• 11:22: Razzle, meet dazzle. After a beautiful throw from Cousins to tight end Brian Linthicum, Michigan State offensive coordinator Dan Roushar dials up some trickery. The Spartans line up in the I-formation. Cousins fakes a handoff to Bell, then hands it to receiver B.J. Cunningham on a reverse. Cunningham then pitches it to Keshawn Martin coming the other way. Wisconsin blitzed to the side Martin is now running toward, leaving no one left to tackle the Spartans' speedster except safety Aaron Henry. And he's sandwiched by three blockers. Martin scores from 34 yards out to make the score 14-9, Wisconsin. Martin has been on fire the latter part of this season.
  • 8:41: Wisconsin's offense mounts a good drive in response, and receiver Jared Abbrederis takes a jet sweep 21 yards. It's no coincidence that Abbrederis runs to the side where suspended defensive end William Gholston would have been. The Badgers have been attacking his replacement, Denzel Drone. Gholston's return is a big factor in this week's game.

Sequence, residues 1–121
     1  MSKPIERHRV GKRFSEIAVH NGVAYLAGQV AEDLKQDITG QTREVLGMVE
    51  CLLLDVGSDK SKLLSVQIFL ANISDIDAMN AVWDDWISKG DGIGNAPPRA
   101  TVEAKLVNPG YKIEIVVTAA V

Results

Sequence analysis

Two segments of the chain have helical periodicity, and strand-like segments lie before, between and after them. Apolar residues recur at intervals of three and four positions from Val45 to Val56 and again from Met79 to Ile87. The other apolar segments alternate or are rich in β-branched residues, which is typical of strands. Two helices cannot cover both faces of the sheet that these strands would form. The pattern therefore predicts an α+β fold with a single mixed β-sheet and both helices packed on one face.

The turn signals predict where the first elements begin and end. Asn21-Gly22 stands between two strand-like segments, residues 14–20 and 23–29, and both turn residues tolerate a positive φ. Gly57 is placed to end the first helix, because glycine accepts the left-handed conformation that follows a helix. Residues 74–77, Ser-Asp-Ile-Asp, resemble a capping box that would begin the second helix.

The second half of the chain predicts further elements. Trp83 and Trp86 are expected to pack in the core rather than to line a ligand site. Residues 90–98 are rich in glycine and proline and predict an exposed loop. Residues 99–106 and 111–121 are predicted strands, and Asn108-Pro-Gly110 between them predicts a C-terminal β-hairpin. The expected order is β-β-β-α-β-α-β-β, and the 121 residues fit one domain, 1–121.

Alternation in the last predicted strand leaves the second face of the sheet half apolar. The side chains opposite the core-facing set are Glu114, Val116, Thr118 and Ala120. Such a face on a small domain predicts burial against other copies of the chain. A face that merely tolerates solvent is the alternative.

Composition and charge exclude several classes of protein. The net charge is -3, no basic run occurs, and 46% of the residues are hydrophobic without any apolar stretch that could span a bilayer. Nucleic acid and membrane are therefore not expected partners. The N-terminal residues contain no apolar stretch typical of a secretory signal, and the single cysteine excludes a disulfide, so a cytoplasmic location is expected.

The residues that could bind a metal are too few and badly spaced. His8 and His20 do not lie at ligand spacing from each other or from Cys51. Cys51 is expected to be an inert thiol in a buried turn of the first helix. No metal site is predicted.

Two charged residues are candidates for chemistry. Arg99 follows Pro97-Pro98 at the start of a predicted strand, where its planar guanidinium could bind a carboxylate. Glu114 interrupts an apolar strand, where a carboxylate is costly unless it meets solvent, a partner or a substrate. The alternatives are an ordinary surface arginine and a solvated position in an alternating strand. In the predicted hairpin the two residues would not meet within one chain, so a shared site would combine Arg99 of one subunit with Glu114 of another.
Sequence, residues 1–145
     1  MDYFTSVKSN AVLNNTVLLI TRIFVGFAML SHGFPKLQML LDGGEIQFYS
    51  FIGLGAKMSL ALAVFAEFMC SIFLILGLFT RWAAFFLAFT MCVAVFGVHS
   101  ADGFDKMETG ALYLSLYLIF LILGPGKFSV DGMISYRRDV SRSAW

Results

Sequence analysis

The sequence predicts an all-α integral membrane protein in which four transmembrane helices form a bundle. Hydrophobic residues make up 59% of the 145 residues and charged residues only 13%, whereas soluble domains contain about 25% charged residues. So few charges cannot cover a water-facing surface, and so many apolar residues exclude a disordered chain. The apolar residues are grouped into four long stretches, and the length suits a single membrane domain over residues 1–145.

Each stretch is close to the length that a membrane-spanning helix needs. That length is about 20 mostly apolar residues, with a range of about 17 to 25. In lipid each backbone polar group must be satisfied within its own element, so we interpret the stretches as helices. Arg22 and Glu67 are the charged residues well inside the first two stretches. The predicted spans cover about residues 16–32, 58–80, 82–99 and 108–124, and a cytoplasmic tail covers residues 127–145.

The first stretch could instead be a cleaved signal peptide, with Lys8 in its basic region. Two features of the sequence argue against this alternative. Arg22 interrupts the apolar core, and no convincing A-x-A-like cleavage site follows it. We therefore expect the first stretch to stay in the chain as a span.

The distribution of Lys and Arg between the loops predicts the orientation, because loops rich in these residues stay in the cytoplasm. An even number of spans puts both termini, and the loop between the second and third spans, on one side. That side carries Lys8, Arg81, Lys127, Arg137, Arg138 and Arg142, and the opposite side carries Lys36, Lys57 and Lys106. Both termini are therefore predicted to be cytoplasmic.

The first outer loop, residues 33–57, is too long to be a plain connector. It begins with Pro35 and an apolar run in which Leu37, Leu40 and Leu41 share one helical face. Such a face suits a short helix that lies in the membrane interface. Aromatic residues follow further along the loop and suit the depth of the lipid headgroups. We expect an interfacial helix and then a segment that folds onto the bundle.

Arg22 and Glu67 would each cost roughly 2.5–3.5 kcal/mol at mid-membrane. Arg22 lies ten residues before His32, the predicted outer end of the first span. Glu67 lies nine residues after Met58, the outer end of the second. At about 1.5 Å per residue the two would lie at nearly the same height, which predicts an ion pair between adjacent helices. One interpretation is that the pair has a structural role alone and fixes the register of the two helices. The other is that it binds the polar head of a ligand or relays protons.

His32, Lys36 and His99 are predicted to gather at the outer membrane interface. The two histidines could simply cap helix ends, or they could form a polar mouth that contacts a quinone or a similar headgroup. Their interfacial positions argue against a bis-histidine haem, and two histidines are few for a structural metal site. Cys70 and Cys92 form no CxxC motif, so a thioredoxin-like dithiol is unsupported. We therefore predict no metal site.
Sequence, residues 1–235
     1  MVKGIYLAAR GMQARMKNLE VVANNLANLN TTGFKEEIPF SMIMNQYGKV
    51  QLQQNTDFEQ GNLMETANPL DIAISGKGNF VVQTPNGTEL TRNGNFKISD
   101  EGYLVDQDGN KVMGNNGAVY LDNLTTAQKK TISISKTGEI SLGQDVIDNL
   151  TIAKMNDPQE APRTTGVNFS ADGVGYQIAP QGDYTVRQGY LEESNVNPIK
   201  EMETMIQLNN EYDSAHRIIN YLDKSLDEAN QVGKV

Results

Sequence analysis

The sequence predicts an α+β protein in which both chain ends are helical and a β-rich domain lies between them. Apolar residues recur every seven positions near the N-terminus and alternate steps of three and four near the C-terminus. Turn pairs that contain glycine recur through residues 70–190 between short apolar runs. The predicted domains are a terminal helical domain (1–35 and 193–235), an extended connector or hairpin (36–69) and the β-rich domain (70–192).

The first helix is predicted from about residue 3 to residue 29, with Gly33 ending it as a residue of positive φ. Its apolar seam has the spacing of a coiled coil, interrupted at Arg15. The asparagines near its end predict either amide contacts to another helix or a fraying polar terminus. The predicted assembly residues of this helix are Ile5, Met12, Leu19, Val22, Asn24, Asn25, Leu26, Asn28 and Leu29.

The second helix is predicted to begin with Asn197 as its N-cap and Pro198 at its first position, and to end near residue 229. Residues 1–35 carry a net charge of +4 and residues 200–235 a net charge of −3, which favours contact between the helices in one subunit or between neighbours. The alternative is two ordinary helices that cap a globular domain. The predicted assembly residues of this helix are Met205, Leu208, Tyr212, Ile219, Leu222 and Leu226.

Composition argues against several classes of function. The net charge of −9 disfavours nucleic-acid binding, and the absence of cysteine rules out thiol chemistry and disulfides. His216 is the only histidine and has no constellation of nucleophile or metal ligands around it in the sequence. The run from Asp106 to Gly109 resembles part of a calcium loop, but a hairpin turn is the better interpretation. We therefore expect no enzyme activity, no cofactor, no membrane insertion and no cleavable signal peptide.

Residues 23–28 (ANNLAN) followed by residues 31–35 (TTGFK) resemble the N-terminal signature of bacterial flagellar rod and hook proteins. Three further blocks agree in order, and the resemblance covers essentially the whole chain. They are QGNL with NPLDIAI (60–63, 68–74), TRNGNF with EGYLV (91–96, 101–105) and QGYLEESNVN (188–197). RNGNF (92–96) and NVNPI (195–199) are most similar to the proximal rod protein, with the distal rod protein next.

• 7:49 to 7:22: A tough sequence here for Ball. First, he misses another block, allowing cornerback Johnny Adams to blow up a play when he tackles Wilson from behind. Then he takes a Robinson shoulder to the head after a 7-yard run. Ball gets up from the tackle and then falls back down in a scary scene. He's escorted off the field and is given concussion tests on the sideline as Wisconsin fans hold their breath. Ball has 68 yards rushing and a touchdown when he goes out.
  • 6:42: On third-and-short from the Michigan State 14, White is stopped shy of the first down when Kyler Elsworth sheds a Pedersen block and makes the tackle. Great defensive play. No disrespect to White, but it makes you wonder if Ball would have gotten the extra few feet had he been in the game.